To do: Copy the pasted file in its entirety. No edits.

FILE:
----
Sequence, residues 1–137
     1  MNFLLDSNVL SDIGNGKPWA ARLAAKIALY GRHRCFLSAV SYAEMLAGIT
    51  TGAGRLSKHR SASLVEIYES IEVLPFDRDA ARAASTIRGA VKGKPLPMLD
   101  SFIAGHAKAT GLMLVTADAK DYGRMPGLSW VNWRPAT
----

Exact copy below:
Sequence, residues 1–137
     1  MNFLLDSNVL SDIGNGKPWA ARLAAKIALY GRHRCFLSAV SYAEMLAGIT
    51  TGAGRLSKHR SASLVEIYES IEVLPFDRDA ARAASTIRGA VKGKPLPMLD
   101  SFIAGHAKAT GLMLVTADAK DYGRMPGLSW VNWRPAT